• Guardian Partners With U.S. Outlets
    The digital age may have increased competition between news outlets as the online fight for clicks and eyeballs becomes ever more fierce, but this week goes to show that digital journalism also enables partnerships that once would have seemed unlikely. Before the weekend comes around, The Guardian will feature two digital collaborations with smaller, local news outlets: The last of a four-part collaborative project with The Texas Observer about the US immigration crisis and the deaths of undocumented immigrants in Texas went online yesterday.
  • Regionals Lose Print Sales At 13.5% Year On Year
    The 73 UK regional daily and Sunday newspapers listed by ABC in its data lost sales by an average of 13.5 per cent year on year in the first half of 2014. The biggest faller was a Newsquest title for the third period in a row. This time the title losing sales at the fastest rate was the South Wales Argus, down 33.2 per cent year on year to an average of 13,197 sales a day.
  • Germany Considers Banning After-hours Work Emails
    In the last few years, some German firms such as BMW, Volkswagen and Deutsche Telekom have banned after-hours call and emails to workers - the point being to actually let people take time off in the evening, rather than effectively being half-working all the time. Now a ban on office communications in the evening and during vacation time could even become law.
  • PressReader App Gives Readers More Depth
    PressReader has released an updated version of its iOS and Android app, a digital news reader serving readers around the world with access to thousands of newspapers and magazines. Readers looking for top quality news on their mobile devices can now find the full content of their favourite news sources more easily with the release of a new version of the digital news reader, PressReader, says the company.
  • Glasgow Councillor Says Twitter Is Blocking Policy Inquiry
    Feargal Dalton, who represents PartickWest, told the Glasgow Herald: "I received racial abuse on social media and brought it to the attention of my bosses in the city council. They contacted the police who took a statement from me. The police subsequently contacted me to say they could not proceed with the case because Twitter will not disclose who owns the social media account in question."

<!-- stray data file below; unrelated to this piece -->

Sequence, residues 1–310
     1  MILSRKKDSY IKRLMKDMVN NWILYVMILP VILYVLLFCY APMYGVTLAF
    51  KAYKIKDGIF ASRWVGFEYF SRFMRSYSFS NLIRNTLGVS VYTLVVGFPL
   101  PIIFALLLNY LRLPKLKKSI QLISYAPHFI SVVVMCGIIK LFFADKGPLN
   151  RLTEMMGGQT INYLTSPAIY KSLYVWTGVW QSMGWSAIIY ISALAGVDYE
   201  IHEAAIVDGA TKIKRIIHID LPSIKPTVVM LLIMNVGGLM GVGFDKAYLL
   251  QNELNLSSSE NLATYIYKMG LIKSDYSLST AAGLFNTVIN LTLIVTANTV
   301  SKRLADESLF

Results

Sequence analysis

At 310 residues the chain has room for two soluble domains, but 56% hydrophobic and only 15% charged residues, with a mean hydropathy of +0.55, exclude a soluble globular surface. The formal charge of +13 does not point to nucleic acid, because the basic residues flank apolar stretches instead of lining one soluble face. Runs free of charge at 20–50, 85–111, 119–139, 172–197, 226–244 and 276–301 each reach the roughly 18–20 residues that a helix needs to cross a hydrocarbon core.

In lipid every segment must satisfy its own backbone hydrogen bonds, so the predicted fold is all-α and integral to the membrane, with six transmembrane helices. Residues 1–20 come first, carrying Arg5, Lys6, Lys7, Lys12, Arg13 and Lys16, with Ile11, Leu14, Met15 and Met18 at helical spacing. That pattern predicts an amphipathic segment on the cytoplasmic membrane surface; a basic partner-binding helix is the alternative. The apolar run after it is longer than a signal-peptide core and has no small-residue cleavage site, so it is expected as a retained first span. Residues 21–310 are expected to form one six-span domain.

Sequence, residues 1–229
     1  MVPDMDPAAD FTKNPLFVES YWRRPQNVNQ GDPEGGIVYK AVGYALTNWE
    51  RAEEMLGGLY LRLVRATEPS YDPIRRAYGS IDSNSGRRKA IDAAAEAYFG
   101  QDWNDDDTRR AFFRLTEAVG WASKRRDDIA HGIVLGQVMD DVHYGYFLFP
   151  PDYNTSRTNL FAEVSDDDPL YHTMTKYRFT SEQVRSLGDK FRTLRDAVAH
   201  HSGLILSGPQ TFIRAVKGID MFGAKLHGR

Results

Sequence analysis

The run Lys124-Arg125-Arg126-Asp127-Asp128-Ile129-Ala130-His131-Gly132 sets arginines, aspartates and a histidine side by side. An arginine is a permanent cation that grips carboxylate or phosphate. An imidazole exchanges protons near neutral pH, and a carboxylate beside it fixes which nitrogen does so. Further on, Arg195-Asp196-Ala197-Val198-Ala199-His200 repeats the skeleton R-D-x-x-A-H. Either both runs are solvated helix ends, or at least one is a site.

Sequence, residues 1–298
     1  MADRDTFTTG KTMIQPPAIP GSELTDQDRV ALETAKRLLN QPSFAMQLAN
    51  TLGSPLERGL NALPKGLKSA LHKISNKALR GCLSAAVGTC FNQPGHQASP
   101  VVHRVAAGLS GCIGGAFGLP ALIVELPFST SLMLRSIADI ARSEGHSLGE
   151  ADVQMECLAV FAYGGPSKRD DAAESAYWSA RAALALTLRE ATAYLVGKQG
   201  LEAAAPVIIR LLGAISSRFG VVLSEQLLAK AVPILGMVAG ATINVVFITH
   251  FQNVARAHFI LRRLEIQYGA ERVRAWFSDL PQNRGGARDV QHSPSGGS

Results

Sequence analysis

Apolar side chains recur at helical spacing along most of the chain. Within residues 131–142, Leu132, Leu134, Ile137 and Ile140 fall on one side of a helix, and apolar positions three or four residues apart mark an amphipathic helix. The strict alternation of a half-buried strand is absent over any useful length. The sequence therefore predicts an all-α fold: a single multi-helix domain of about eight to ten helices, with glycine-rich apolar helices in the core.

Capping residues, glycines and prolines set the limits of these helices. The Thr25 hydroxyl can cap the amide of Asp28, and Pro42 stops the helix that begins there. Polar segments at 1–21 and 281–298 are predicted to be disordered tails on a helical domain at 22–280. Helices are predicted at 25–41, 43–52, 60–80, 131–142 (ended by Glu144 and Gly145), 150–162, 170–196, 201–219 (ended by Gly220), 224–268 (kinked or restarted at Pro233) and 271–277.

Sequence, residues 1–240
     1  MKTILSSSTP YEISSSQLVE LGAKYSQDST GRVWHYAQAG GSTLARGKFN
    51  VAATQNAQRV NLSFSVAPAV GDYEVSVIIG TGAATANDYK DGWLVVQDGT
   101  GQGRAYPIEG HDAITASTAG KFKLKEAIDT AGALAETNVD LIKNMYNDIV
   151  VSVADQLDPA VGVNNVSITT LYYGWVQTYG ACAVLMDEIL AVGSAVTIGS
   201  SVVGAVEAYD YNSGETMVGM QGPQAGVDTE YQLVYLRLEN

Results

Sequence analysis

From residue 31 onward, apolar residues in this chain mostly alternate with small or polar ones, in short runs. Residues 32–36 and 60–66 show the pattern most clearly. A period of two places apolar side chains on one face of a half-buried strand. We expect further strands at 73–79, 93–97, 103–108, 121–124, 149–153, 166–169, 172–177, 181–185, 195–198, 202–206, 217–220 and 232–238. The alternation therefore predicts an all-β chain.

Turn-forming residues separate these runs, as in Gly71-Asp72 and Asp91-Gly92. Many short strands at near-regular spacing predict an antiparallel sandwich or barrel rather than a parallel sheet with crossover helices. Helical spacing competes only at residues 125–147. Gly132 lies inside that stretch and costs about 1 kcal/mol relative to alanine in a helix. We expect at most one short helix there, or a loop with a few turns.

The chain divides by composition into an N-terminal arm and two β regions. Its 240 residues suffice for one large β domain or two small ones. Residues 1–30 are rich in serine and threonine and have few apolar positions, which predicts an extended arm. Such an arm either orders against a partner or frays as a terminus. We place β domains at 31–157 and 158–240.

• Want To Know Why So Many Watch Twitch?
    Twitch reported 55 million unique visitors in July, who watched 15 billion minutes of streaming content generated by one million unique streamers. The site is responsible for roughly two percent of peak US Internet traffic, according to a DeepField analysis, just ahead of heavyweights like Hulu, Facebook, and Valve. Last year's League of Legends finals drew 32 million total viewers on Twitch, and 8.5 million concurrent watchers at the same time, rivaling viewership for major sporting events like the NBA finals.
  • Newsroom Alive With Sound Of Clack-Clack, Ding!
    To the surprise of Times journalists, a tall speaker on a stand has been erected in the newsroom to pump out typewriter sounds, to increase energy levels and help reporters to hit deadlines. The audio begins with the gentle patter of a single typewriter and slowly builds to a crescendo, with the keys of ranks of machines hammering down as the paper's print edition is due to go to press.
  • Mail Online Vid Views Up 75% Year On Year
    Mail Online claims to have recorded 50m video views in July, up 75 per cent year on year and 36 per cent month on month. The website announced the figures as July's online ABCs showed it recorded 11,039,330 average daily users in the month, up 1 per cent year on year.
  • News UK Settles Privacy Claim Over Stolen Phone
    Former Sun reporter Ben Ashford was cleared by a jury earlier this month after standing trial accused of possessing criminal property under the Proceeds of Crime Act and breaching the Computer Misuse Act. It can now be revealed that a separate civil claim brought by the woman has been settled on a confidential basis.
  • Fewer Willing To Discuss Snowden Revelations Online
    Americans have been self-censoring their discussions about state surveillance in the wake of Edward Snowden's revelations in 2013, researchers have found. Approximately 86% of adults were "very" or "somewhat" willing to discuss the findings in person with family, friends or work colleagues or at public meetings, yet only 43% said they would discuss the issues on Facebook.
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